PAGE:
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Introduction to Pulmonary Embolism: Don’t Ignore This Potentially Fatal Respiratory Condition

Story at-a-glance

  • Pulmonary embolism is a potentially fatal disease that everyone should be aware of, even for those who are healthy
  • Everyone is equally at risk for pulmonary embolism, and your chances increase as you age. Once you reach 60 years old, your risk doubles every 10 years. There are also other factors that make you more susceptible to developing it

Pulmonary embolism is the sudden blockage of an artery in your lung caused by an embolus.1 An embolus is anything that travels through your blood vessels until it reaches a spot that stops the flow of blood.2 Since the lung is an organ essential to your day-to-day functions, anything that impedes it can lead to potentially fatal situations.3

According to the Centers for Disease Control and Prevention (CDC), as many as 900,000 people could be affected with pulmonary embolism every year, and 10 to 30 percent of those who develop symptoms will die within one month of diagnosis.4 In light of this information, it’s important to be aware of this disease to help reduce your risk and increase your chances of survival.5

Telltale Symptoms of Pulmonary Embolism Everyone Should Know

Symptoms of pulmonary embolism are located in the chest area and hard to miss. Things to look out for include:6

Chest pain: A sharp, stabbing pain that worsens when you inhale.

Breathing problems: You may develop short breaths once an embolism occurs.

Coughing: Your coughs may eject blood-filled sputum.

Aside from the aforementioned symptoms, pulmonary embolism may cause other complications if left untreated. Examples include:7,8

Collapse: There’s a chance you may simply fall down due to the lack of blood flow caused by the clot.

Heart failure: The embolism may severely strain your heart, causing it to pump blood weaker than its normal capacity.

Pulmonary infarction: A portion of your lungs may suffer from tissue death.

Pleural effusion: A buildup of fluid may occur between the outside layer of the lungs and the inside layer of the chest cavity.

Who Is at Risk of Pulmonary Embolism?

Everyone is equally at risk for pulmonary embolism, and your chances increase as you age. Once you reach 60 years old, your risk doubles every 10 years. There are also other factors that make you more susceptible to developing it, such as:9

Cancer

The onset of cancer can increase the production of certain substances in your body that make you more vulnerable to blood clots.

Pancreatic, ovarian and lung cancers are typically associated with pulmonary embolism.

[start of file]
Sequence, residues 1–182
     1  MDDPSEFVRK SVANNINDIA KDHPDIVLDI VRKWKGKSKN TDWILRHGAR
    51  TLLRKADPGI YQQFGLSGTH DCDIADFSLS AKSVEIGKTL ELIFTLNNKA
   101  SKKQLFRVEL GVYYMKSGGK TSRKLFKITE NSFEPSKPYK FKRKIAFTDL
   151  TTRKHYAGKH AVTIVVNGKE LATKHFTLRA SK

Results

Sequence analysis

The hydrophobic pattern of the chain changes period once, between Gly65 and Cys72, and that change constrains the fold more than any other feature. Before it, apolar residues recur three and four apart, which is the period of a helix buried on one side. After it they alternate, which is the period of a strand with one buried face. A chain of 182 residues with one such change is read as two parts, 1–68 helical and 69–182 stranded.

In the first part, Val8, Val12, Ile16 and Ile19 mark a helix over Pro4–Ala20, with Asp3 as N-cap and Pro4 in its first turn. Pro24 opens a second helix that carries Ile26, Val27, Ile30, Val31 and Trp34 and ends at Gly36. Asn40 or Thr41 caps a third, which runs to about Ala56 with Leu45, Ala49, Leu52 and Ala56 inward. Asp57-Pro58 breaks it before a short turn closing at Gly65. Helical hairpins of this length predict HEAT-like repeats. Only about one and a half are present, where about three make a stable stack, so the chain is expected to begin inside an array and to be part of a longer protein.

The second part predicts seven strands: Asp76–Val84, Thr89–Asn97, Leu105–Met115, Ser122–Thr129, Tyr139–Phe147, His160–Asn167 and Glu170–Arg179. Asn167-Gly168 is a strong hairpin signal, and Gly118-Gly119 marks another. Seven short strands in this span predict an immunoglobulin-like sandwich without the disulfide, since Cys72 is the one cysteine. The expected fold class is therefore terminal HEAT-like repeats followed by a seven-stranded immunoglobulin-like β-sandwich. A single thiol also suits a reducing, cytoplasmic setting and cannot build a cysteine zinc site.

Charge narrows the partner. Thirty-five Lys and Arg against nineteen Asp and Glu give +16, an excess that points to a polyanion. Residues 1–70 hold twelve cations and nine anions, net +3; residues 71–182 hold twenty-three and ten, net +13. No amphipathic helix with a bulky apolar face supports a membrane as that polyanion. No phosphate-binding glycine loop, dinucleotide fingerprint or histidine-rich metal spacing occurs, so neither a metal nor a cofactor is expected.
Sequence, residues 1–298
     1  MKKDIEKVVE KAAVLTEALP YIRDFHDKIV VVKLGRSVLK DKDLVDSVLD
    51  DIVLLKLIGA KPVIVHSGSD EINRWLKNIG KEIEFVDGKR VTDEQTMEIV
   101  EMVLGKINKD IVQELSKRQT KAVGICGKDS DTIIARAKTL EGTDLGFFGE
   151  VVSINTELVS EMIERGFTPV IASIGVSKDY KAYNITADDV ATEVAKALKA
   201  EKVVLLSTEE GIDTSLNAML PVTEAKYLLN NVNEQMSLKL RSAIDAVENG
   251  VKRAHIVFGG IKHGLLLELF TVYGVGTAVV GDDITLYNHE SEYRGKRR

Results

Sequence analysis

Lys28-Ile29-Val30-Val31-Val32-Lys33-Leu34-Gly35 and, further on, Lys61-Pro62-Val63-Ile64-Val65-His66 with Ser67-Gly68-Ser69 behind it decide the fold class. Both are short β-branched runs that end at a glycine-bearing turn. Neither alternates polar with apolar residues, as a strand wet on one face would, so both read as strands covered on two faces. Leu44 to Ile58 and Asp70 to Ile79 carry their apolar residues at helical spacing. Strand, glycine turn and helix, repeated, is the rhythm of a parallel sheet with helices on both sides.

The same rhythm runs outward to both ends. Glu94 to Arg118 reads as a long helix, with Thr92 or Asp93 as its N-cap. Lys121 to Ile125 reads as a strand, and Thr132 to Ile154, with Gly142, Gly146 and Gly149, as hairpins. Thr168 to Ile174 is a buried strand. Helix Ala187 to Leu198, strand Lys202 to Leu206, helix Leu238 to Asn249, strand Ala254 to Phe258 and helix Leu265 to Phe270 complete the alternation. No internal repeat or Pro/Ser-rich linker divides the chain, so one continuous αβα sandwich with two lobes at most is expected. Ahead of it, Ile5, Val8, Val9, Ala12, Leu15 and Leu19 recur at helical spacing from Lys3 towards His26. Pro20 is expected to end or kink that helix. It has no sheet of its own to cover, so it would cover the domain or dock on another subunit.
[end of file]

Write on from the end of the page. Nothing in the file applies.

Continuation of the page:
Surgery

Blood clots are one of the main complications to watch out for after a surgery.

This usually occurs because patients are typically bed-ridden for a long time. When you stop moving, blood flows slower in your deep veins, which can result in a clot.10

Smoking

Cigarette smoking is closely associated with blood clots. Long-term abuse increases your chances of blood platelets sticking together and also damages the linings of your blood vessels, causing clots to form.11

Pregnancy

Pregnant women have a chance of developing blood clots due to the weight of the baby pressing on the pelvis, which can slow blood return from the legs.

Inactivity

Long periods of bed rest due to an injury, surgery or other serious diseases causes the flow of blood in your legs to slow down. Long trips or flights contribute to this risk as well.

Obesity

Obese people are at risk of blood clots because of genetic mutations related to blood coagulation factors caused by excess weight.12

Learn All About Pulmonary Embolism and What You Can Do About It From These Pages

Pulmonary embolism is a potentially fatal disease that everyone should be aware of, even for those who are healthy. Even Serena Williams, a world-renowned tennis player in peak physical form, was treated for the disease back in 2011.13 In the following pages, you’ll learn how to detect the symptoms and various risk factors of this condition. You’ll also discover how it is treated and what you can do to prevent it from happening again. Be sure to review the information carefully, because it may help you in the future.

MORE ABOUT PULMONARY EMBOLISM

Pulmonary Embolism: Introduction

What Is Pulmonary Embolism?

Pulmonary Embolism Symptoms

Pulmonary Embolism Causes

Pulmonary Embolism Types

Pulmonary Embolism Treatment

Pulmonary Embolism Prevention

Pulmonary Embolism FAQ


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What Is Pulmonary Embolism?

Sources and References

  • 1, 2 Medical News Today, “Pulmonary Embolism: Causes, Symptoms and Treatment” April 18, 2017
  • 3, 8 Patient, “Pulmonary Embolism”
  • 4 Centers for Disease Control and Prevention, “Venous Thromboembolism (Blood Clots)”
  • 5 Everyday Health, “How Do You Know if It’s a Pulmonary Embolism?”
  • 6, 9 Mayo Clinic, “Pulmonary Embolism — Symptoms and Causes”
  • 7 WebMD, “Pulmonary Embolism — What Happens”
  • 10 WebMD, “Blood Clots After Surgery”
  • 11 American Heart Association, “Understand Your Risk of Excessive Blood Clotting”
  • 12 News-Medical.net, “Obesity and Deep Vein Thrombosis (DVT)”
  • 13 Harvard Health Publications, “If Pulmonary Embolism Can Strike Serena Williams, It Can Ace Anyone” March 3, 2011
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